Time running out for feds to reunite 2 Brazilian boys held in Chicago with dads

The clock is ticking for the Justice Department to end the separation of two Brazilian boys held in Chicago from their fathers under President Donald Trump’s “zero tolerance” immigration policy.

It has only until 1:48 p.m. Thursday. And Wednesday morning, its lawyers still couldn’t tell a federal judge how it planned to reunite the fathers and sons. The boys have been separated from their dads since May 25.

Meanwhile, the government has also struggled to meet a California judge’s deadline, which passed Tuesday, to reunite children under the age of 5 with their parents following separations at the border.

“This is a mess we’re trying to deal with,” Assistant U.S. Attorney Craig Oswald told U.S. District Judge Edmond Chang.

Oswald made his comment while one of the two Brazilian boys, a 16 year old, sat at a table in Chang’s courtroom. He celebrated his birthday Friday with the other boy, who is 9, and their lawyers, who said they brought along a cake from Chinatown.

The children also had a chance during the celebration to chat by video with their mothers who are in Brazil, said Karen Hoffmann, a member of the boys’ legal team.

“That was the first time they had seen a face of their parent in, you know, more than six weeks,” Hoffmann said after court Wednesday in the lobby of the Dirksen Federal Courthouse.

Chang ordered the government Monday to reunite the boys with their fathers within 72 hours, calling the ongoing harm to the children “obvious and intense.” However, he said he had no authority to order their fathers released from the custody of immigration officials.

Justice Department lawyer Joshua Press told the judge Wednesday he wasn’t sure if the boys would be moved into a detention center with their fathers, or if they would be released from custody together. But he said the government planned to comply.

Hoffmann said a facility in Berks County, Pennsylvania, is the only family detention center in the country that has been used to hold fathers. But she said moving the fathers and sons there would violate a long-standing court settlement.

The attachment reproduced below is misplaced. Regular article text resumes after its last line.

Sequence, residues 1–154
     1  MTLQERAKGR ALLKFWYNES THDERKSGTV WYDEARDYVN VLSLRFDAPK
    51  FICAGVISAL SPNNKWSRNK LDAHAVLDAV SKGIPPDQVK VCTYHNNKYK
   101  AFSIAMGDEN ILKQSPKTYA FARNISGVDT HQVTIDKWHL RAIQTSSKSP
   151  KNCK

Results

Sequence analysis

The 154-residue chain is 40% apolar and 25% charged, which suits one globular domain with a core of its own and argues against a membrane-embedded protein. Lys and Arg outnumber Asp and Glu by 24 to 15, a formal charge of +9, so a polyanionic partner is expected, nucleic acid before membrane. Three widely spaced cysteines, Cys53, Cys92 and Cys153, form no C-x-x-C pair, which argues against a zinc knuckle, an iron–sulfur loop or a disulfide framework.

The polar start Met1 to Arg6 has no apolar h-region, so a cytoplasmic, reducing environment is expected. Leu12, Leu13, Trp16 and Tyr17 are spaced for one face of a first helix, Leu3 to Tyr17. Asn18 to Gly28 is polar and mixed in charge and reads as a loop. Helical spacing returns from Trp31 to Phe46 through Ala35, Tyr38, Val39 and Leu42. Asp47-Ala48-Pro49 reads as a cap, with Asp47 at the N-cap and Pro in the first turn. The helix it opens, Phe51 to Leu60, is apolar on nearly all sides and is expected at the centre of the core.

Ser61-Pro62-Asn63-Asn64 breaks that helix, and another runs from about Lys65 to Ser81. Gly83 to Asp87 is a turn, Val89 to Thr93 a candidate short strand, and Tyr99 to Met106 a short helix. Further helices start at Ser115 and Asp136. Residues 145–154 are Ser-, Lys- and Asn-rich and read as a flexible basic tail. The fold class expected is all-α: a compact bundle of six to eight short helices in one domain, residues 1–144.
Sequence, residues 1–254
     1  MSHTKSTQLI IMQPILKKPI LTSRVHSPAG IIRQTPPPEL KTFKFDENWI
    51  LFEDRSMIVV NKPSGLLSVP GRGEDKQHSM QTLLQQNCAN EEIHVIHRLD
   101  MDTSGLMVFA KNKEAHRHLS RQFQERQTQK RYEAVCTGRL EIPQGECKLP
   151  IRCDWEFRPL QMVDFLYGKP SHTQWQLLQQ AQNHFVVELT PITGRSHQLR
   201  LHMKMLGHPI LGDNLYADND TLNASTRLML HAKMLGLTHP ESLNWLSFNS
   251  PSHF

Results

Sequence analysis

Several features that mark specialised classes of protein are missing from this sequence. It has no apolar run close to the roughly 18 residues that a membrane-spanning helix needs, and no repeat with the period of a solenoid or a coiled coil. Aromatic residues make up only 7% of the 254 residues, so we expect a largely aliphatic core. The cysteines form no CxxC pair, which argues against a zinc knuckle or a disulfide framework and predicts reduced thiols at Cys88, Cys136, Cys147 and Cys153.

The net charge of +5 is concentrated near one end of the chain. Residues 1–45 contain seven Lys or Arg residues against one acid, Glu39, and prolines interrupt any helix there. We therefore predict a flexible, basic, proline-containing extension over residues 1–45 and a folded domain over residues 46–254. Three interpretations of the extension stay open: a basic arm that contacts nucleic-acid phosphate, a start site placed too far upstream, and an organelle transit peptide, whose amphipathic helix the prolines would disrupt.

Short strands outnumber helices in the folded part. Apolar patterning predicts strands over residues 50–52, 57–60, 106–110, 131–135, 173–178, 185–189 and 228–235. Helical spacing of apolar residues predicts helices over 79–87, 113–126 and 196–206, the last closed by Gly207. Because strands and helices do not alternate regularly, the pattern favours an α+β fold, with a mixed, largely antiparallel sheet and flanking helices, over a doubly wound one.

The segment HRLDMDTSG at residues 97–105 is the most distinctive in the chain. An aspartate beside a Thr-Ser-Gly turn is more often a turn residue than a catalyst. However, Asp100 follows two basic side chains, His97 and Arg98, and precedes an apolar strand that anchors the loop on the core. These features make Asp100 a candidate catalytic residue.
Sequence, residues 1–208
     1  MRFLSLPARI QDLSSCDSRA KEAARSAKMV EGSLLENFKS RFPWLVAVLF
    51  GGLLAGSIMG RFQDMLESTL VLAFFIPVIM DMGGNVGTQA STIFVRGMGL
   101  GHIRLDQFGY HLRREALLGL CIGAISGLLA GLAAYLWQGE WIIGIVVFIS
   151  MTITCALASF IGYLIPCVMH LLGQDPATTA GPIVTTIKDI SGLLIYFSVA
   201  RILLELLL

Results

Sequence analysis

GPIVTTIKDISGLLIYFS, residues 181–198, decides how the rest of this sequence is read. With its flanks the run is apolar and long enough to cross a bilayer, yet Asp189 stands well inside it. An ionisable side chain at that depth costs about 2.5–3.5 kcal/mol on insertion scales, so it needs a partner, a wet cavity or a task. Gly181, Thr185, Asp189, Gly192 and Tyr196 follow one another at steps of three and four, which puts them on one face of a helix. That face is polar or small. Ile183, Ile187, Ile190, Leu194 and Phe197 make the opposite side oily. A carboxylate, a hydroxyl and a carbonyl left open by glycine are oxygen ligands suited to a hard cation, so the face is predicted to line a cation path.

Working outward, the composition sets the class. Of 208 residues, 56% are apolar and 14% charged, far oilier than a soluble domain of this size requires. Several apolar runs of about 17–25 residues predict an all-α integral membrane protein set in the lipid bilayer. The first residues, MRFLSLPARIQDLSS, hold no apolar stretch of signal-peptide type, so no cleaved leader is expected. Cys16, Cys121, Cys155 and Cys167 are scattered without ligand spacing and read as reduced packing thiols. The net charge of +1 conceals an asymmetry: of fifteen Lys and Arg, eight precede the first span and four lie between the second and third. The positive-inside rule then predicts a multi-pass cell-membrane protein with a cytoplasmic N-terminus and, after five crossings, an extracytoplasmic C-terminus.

Still, the boys’ lawyers said their top priority was to reunite them with their fathers.

In his order Monday, Chang said one boy was suffering “severe anxiety and depression,” while another told his father during a brief phone call, “Dad, I’m never going to see you again.”

The judge said the Justice Department had failed to explain, “what objective it is trying to accomplish by keeping the boys separated from their fathers.”

Without that explanation, the judge said, “the government’s insistence on keeping these boys from their fathers can only be deemed arbitrary and conscience shocking.”

The boys have been held in shelters run by the Heartland Alliance in Chicago. The Chicago Sun-Times recently gave a glimpse into their lives there — and published drawings by the 9-year-old.

The 16-year-old and his father came to the United States to flee a drug trafficker in their neighborhood targeting them with death threats, records show. The father of the 9-year-old owes $8,000 to a Brazilian loan shark involved in human trafficking.

Both pairs allegedly tried to enter the United States at a port of entry, only to be turned away. They later tried to cross outside of a port of entry and were detained. The fathers have pleaded guilty to illegal entry and were sentenced to time served before being returned to the custody of immigration officials, the judge said.

“They’ve served their time,” Chang wrote, adding that the children “have not been charged with any crime at all.”

Source: Chicago sun